If all it took was a handful of good songs, the ability to finesse beautiful melodies from an old flat top guitar and an honest rough and true voice to make it in the music business, Alberta roots songwriter Matt Patershuk would be a star many times over. His music has a rare quality that allows his songs to weave into the fabric of the experiences of everyone who hears them. Matt’s a guy who writes songs that are so good, so worn down and lived in that the first time you hear one of them, you get the feeling that you already know it, that it got you through some hard times, and that you’ve lived with it for all of your life. Each word he sings is as real and true as the ground we’re standing on and as welcome as spring wind over the prairie. With his third album, Same As I Ever Have Been coming October 13, 2017 on Black Hen Music, this Canadian roots songwriter and resident in the tiny hamlet of La Glace in Northern Alberta is poised to breakout as a new voice in Americana.
In many ways, Matt Patershuk’s music is a study in contrasts. As rough and loose as his songs may sound on first listen, it’s obvious that a lot of thought has gone into every lyric and riff he shares. Matt’s not an ivory tower thinker or dilettante; the demands imposed by the land and horses of his rural property, and his day job as a bridge builder assure that he’s never too far away from the concerns of the everyday world. Like a young John Prine, who used to write songs in his head while delivering the mail, you get the feeling that every true story and tall tale Patershuk comes across finds its way into his songs. How many contractors do you know who write lines like “physicists say folks don’t go away/that all things continue to be/that all of you floats about in the blue, you’re just less orderly” as he does in ‘Memory And The First Law Of Thermodynamics’, a heartbreaking song that recalls his sister Clare who lost her life when she was hit by a drunk driver a few years ago?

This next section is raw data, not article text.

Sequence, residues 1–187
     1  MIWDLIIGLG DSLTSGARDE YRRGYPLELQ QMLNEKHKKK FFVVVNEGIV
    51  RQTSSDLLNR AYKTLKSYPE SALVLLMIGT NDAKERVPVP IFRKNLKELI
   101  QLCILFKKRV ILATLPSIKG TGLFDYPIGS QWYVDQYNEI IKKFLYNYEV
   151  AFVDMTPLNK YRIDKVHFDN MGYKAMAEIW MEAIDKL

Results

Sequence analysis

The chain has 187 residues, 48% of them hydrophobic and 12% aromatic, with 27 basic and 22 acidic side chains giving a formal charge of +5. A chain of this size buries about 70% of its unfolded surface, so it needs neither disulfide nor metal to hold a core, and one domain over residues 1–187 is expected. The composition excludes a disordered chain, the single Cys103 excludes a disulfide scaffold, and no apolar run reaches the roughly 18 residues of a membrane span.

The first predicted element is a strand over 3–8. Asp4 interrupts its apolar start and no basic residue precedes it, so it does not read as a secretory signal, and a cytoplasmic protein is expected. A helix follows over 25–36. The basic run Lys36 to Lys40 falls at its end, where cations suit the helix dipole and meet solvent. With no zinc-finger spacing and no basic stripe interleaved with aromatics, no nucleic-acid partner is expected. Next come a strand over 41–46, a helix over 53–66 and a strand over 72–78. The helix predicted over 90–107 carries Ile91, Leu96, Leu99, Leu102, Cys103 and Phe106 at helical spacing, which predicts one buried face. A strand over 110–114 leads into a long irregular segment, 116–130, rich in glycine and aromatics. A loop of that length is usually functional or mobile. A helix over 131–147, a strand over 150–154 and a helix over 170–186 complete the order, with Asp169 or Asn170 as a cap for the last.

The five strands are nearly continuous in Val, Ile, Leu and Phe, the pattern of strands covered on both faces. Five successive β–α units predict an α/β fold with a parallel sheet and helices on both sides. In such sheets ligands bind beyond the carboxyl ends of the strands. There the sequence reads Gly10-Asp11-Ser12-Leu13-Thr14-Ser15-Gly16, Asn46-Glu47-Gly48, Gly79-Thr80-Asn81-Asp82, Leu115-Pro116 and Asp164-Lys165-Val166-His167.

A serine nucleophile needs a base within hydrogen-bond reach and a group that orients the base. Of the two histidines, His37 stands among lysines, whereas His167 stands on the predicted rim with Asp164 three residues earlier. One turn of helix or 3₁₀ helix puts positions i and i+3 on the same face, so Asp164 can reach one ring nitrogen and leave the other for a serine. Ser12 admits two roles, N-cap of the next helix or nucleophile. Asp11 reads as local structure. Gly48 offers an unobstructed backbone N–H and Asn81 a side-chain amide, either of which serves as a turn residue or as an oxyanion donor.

‘Same As I Ever Have Been’ is Patershuk’s most organic and confident collection of songs yet. With veteran roots musician Steve Dawson returning to produce and contribute some tasteful string work, it’s easy to hear how much Matt has grown as a performer since his last record, I Was So Fond Of You came out in early 2016. Like all of Dawson’s productions, Matt’s new songs were recorded with all of the musicians playing together in the same room. This created an intimate vibe that allowed the musicians to play off of one another to create some truly magical and unanticipated moments. Patershuk and Dawson decided to enlist the skills of legendary drummer Jay Bellerose (a frequent collaborator of T-Bone Burnett and Joe Henry), and with the help of regular Dawson collaborators such as John Reischman (mandolin), Ana Egge (vocals), Chris Gestrin (keyboards), and Jeremy Holmes (bass), the sessions were creative and spontaneous, with only a few judicious overdubs added after the fact. Every song on ‘Same As I Ever Have Been’ resonates with a warm roadhouse, barn dance feel that can’t be faked. Listen to the album, go out and hear him live at a small venue while you can. He’s not going to stay one of Canadian music’s best kept secrets for much longer.